By now most are familiar, if only slightly, with the concept of a circular economy. The linear economy took raw materials, turned them into products, and the waste was disposed of through incineration or landfill. The circular approach uses recovered raw materials where possible, and uses manufacturing processes which reduce or eliminate waste (through reuse and recycling among other approaches). The idea of the circular economy is that the inevitable waste produced during manufacture goes back into the process rather than being dumped. This reduces pollution and waste, but also reduces the costs of raw materials.

“The circular economy is perceived as a sustainable economic system where the economic growth is decoupled from the resources used, through the reduction and recirculation of natural resources,” according to an article in Resources, Conservation and Recycling, issue 151 (2019).

The article points out that reducing resources used can result in economic gains, but it is important this is managed carefully. The effort to go green cannot be so expensive as to be self-defeating. Circular only becomes sustainable if actual savings are made. But it is an important first step towards sustainability.

“The circular economy concept attracts increasing attention of governments, scholars, companies and citizens as a necessary step to achieve sustainable development.”


By using things for longer, and getting more than one use out of our raw materials, we move towards a more sustainable economy.

Circular Economy EU

EU Flag

In March 2020 the EU adopted the new Circular Economy Action Plan, one of the main building blocks of the European Green Deal, Europe’s strategy for sustainable growth. The EU believes a transition to a circular economy will reduce pressure on natural resources and will create sustainable growth and jobs. It will also help the EU achieve their 2050 climate neutrality target.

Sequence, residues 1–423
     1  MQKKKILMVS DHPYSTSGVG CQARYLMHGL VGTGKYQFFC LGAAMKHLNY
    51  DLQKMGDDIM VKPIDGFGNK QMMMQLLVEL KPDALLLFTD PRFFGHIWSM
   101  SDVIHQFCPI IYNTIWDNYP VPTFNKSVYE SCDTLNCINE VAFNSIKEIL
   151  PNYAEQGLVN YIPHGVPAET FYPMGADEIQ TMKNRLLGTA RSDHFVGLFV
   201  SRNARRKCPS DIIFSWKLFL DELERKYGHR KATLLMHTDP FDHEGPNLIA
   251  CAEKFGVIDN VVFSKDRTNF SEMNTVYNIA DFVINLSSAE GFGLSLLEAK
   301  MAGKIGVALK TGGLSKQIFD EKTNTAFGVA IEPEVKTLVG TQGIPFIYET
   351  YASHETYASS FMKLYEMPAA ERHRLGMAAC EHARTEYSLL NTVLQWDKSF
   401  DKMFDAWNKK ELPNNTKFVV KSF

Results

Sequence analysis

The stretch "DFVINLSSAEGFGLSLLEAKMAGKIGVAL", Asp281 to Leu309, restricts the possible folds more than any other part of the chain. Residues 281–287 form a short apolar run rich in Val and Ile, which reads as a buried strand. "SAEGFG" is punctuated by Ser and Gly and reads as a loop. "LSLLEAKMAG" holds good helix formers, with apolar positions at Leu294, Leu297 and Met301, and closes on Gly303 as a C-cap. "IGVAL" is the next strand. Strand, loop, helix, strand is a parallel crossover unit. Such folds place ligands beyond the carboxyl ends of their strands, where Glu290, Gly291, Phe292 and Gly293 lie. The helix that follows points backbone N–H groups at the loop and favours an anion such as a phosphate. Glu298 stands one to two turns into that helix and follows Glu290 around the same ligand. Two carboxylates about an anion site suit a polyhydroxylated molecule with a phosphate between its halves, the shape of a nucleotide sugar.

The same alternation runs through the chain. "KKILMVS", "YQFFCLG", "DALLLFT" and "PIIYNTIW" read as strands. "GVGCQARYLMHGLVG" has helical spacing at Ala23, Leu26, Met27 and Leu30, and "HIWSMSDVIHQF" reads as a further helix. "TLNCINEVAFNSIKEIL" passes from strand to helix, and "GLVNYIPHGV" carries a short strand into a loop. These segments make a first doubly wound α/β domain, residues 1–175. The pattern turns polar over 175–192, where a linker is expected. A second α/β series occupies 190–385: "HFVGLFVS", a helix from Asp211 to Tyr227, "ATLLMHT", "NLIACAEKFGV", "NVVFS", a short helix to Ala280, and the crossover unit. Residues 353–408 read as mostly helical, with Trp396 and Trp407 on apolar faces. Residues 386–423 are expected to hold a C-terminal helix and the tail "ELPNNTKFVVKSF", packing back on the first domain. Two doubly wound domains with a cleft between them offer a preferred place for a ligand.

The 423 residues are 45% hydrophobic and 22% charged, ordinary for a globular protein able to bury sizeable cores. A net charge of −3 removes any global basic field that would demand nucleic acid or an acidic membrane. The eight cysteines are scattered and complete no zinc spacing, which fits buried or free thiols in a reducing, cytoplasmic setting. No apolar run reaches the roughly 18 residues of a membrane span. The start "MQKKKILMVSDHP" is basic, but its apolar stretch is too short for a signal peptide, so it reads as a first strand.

The action plan targets how products are designed, promotes circular economic processes, encourages sustainable consumption, and aims to ensure that waste is prevented, and the resources used are kept in circulation as long as possible.

It aims to make sustainable products the norm throughout the EU.

Circular Economy Action Plan Ireland

Dublin Ireland

Ireland is completely on board with the EU objectives, and last September published a waste action plan to move us towards sustainability. According to the government statement it is: “Ireland’s new roadmap for waste planning and management. We need to embed climate action in all strands of public policy. This plan shifts focus away from waste disposal and looks instead to how we can preserve resources by creating a circular economy.”


It is the government’s role to produce lofty plans, and to support those with legislation and financial aid. But really the onus is on individuals, companies and organisations to make those plans a reality. All that the plans actually mean is that once you make the decision to go circular, and to improve your sustainability, the supports will be there to make it possible. You still need to do the work.

That is where the help of an expert becomes invaluable. At CEC we are very excited to be at the cutting edge of this new wave of economic development. We have helped many companies locally and regionally to take great steps forward. Zero waste to landfill, reduced costs, and increased efficiencies can all be achieved in far less time than you might think. And now the government is offering grants for this vital work.

What are you waiting for?